What Else Was Happening During the Civil War Era?
- National Archives Education Team
- Finding a Sequence
- Historical Era:
- Civil War and Reconstruction (1850-1877)
- Primary Historical Thinking Skill:
- Chronological Thinking
- Bloom's Taxonomy:
The years leading up to, during, and following the Civil War and Reconstruction (1850-1877) are most often remembered for the tension between North and South, the question of slavery, President Lincoln, and social and political changes in the postwar South. In this activity, students will explore changes that occurred in the United States in the greater context of the Civil War era. Students will gain an understanding of the simultaneous nature of these events and the multifaceted nature of American government during wartime.
Students will learn about the many, seemingly unrelated, events that happened simultaneously during this time period, and that historical eras are not solely focused on one type of historical topic. For grades 5-8. Approximate time needed is 45 minutes.
This activity can be taught before, during, or immediately following a Civil War and Reconstruction unit. It can serve as an introduction to other events and changes that were taking place during the Civil War era.
Open the activity to reveal the 16 documents in random sequence. Explain that all of the documents were created within the period 1850 to 1877. Using only the document titles (roll mouse over document icons) for reference, ask the class to hypothesize which documents are likely to be dated toward the beginning of that period and which are more likely to be later documents. (Students may record their predictions in written format to use for later comparison.) Ask students to back up their hypotheses with evidence (To bolster students’ confidence and willingness to make informed guesses, remind them that at this point it is entirely appropriate to make a guess with loose evidence because they have not yet done any careful examination.) Since students have already formed an opinion, close analysis of the documents later on will provide them an opportunity to practice reevaluating and reinterpreting their conclusions based on new evidence.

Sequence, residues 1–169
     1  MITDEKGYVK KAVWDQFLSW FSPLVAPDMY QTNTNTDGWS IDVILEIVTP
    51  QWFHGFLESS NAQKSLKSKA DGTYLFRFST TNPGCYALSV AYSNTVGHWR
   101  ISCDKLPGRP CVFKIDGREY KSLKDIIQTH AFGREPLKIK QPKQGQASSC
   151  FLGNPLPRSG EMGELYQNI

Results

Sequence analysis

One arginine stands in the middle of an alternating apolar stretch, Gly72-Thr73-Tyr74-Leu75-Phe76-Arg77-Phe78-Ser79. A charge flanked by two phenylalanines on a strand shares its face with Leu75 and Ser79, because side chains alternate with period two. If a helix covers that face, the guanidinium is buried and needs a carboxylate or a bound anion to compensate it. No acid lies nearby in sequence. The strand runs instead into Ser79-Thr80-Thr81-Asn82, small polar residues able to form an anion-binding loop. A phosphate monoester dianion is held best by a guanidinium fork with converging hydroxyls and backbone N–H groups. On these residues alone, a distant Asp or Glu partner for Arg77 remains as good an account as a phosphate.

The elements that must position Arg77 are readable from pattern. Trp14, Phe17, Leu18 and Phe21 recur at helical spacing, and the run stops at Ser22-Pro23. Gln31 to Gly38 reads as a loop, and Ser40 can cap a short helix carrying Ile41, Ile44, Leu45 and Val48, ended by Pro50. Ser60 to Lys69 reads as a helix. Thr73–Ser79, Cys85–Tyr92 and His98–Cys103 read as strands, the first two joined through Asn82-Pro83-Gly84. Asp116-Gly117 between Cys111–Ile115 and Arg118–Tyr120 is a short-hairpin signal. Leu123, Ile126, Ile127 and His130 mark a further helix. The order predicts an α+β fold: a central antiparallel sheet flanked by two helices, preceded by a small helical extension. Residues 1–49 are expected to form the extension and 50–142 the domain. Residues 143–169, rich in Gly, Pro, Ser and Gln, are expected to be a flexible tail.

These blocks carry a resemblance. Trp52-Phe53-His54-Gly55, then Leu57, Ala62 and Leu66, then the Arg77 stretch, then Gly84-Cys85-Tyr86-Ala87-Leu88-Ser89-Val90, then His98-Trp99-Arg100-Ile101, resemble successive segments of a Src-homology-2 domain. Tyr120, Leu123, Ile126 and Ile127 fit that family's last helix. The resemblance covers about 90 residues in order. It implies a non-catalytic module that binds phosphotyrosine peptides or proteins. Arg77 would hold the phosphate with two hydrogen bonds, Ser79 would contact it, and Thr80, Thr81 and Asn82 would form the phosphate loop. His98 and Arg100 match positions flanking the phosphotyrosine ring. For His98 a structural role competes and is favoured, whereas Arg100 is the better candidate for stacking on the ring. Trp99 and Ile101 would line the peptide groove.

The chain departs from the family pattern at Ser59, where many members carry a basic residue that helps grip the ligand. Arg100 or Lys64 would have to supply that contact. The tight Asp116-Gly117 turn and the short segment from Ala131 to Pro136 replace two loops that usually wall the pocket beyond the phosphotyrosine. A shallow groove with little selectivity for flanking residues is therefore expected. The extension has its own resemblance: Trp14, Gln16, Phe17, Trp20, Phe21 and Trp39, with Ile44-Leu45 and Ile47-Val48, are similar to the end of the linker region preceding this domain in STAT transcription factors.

When the class has formed predictions about the order of the documents, open up the first document in chronological sequence — the Compromise of 1850 — to view the document in more detail. Engage in a full-class demonstration of how to analyze a primary source document. Ask students to identify the date and author(s) of the document. Students should read the document details to discover for whom the document was written and why it was created. Use the date of the document, its content, and other resources if necessary to put the aim and impact of Clay’s idea for compromise into plain language.
Once the class has practiced document analysis with the Compromise of 1850, explain that students should give each document they look at the same careful consideration before attempting to sequence the documents. Read and examine each document and put the documents in the correct sequence as a class or in pairs or individually.
When students have sequenced all of the documents, compare their earlier predictions with the correct sequence. Ask a series of questions to debrief the content:
- Were there any surprises?
- What did you learn that you did not previously realize about the period 1850 to 1877?
- Do the events referred to in these documents that do not seem to be directly related to the Civil War relate to that conflict in some indirect way?
- How would you characterize the U.S. Government from 1850 to 1877?
- How would you characterize this period in U.S. history?
For more information about the featured documents, follow the links below.
Documents in this activity:
- Yellowstone Park Act
- Telegram from Major Robert Anderson to the Secretary of War
- Emancipation Proclamation
- Petition from Lewis Douglass and Others to the Secretary of War
- Fort Laramie Treaty
- Articles of Agreement in Regard to the Surrender of the Army of Northern Virginia Under General Robert E. Lee
- Act of May 20, 1862 (Homestead Act), Public Law 37-64 (12 STAT 392).
- Treasury Warrant in the Amount of $7.2 Million for the Purchase of Alaska
- Kansas Nebraska Act of 1854
- Joint Resolution Proposing the Fourteenth Amendment to the United States Constitution
- Joint Resolution Proposing the Fifteenth Amendment to the United States Constitution
- Act of July 2, 1862 (Morrill Act), Public Law 37-108, 12 STAT 503, which established land grant colleges.
- Act of July 1, 1862 (Pacific Railroad Act), 12 STAT 489, which established the construction of a railroad and telegraph line from the Missouri River to the Pacific Ocean.
- Judgment in the U.S. Supreme Court Case Dred Scott v. John F. A. Sandford
- Draft of Senate Joint Resolution 16 Submitting the 13th Amendment to the States
- Resolution introduced by Senator Henry Clay in relation to the adjustment of all existing questions of controversy between the states arising out of the institution of slavery (the resolution later became known as the Compromise of 1850)